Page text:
Another example of that is a calling of mine whose uncle served in the Canadian military for 10 years, right out of high school. After retiring from a self-employed work. Many years later, he knew that he probably was entitled to a very small pension from that 10 years of service and the government, but he just felt it was too complicated and not worth the effort, not worth the bother to go, try to figure out how to apply for that pension, how to register, how to get those, uh, those, that information from the right department, to be able to do that, to claim those, uh, those services. Years later, almost his mid seventies, a friend of him told a friend of his told him that he was eligible for services such as helping with, uh, cutting the grass or, uh, shoveling snow. And when he went through the application process, they also notified them that he had this pension.
And because he had waited so long, he was actually entitled to a one-time lump sum sum that actually made a difference in his life. Those are the types of integrations of services that really are user centric. They're at the, putting the user at the heart of everything we do. There's many, many other examples where we can do these types of service delivery integrations. And we have to constantly strive to make them better stories like this are what motivate us as public servants. Being able to see our vision and hard work, making a real difference in the lives of Canadians that is back to
Thank you now for the federal public service needs to be reflective of the diverse getting in population that we serve. Town cloud is an example of how digital can be leveraged to improve inclusion, that diversity outcomes. It was a three-year experimental project hosted in the office of the chief information officer of Canada with three key project goals at advancing diversity inclusion, optimizing fit to team and reducing time to stop Tom cloud aim to explore the digital age concepts for modernizing the government approach to talent and recruitment. As part of this experience, a life staffing platform was designed and built in-house talent cloud platform was designed testing and continuously iterate upon with a diverse user group to ensure inclusion was built in from the start design efforts included practising accessibility, promoting remote work as a default, even before the pandemic applying anti-racism and gender theory to all components starting with indigenous input when designing the indigenous talent portal and developing methodologies to recognize the skills of marginalized talent and those with unconventional career paths, as an experiment, every staffing process on the platform was intensively researched and tested to generate data and research findings as well as future-facing theories.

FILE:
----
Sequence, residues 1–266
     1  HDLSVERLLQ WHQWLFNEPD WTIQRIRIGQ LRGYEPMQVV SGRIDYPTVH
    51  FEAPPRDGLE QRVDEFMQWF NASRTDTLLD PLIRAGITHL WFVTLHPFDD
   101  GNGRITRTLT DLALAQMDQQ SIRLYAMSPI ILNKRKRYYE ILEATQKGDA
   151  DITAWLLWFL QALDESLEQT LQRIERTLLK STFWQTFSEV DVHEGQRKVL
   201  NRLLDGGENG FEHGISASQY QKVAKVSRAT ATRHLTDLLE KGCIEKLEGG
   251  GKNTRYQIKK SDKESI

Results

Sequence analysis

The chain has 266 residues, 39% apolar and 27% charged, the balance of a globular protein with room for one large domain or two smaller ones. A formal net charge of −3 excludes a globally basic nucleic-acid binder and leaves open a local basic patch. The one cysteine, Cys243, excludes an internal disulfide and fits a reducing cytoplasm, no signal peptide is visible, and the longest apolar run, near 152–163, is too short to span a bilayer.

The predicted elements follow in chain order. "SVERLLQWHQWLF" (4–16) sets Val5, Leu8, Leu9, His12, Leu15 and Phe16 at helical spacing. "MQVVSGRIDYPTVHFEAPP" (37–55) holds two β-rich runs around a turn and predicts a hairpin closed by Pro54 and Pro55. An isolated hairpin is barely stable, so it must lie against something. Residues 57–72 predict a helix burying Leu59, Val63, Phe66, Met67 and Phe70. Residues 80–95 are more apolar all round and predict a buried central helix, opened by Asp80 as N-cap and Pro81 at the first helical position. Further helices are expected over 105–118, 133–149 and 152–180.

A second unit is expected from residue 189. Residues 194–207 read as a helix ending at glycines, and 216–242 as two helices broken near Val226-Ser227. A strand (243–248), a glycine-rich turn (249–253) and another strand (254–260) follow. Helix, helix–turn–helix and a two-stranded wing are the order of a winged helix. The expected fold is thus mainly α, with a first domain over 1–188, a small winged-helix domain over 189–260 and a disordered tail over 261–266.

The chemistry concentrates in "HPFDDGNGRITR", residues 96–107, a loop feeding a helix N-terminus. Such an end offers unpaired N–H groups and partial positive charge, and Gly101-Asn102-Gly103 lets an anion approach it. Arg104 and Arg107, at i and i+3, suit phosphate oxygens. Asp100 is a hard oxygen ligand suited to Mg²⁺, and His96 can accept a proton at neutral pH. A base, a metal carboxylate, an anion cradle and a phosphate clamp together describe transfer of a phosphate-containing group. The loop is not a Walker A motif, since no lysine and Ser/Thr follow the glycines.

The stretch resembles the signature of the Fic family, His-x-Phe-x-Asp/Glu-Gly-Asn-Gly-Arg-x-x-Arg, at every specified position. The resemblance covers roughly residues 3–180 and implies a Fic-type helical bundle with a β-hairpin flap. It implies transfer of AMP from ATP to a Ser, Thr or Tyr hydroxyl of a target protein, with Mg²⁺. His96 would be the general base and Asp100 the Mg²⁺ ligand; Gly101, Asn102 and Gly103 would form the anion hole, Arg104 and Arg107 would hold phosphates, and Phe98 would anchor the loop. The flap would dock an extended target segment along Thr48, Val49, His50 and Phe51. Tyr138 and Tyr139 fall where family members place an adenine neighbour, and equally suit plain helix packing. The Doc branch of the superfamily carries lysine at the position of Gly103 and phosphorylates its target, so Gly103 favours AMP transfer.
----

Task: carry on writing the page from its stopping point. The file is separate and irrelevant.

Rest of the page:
Not only did qualitative data from applicants show positive experiences, outcomes, but practical tips for managers were also documented. The code is on GitHub and that a result report is, uh, from the three-year experiment will be published online later this fall
With all the uncertainties around the different COVID variance and some countries being well in the midst of the fourth way, it sometimes feels like this pandemic will never end, but let's rewind to early 2020 for a moment. Think about where you were when you heard the word COVID-19 for the very first time back then. I don't think that any of us could have predicted just how disruptive and never devastating this pandemic would end up being all of a sudden every industry and aspect of our economies was literally appended, including our social interactions and the way we work. And as the government digital leader, we had to be decisive and ramping up our it infrastructure is capacity and resilience virtually overnight and quickly developing new digital tools and solutions. Some of our team members were watching videos of the other recent DevOps summit. And we're laughing at what has now become the pandemic cliche.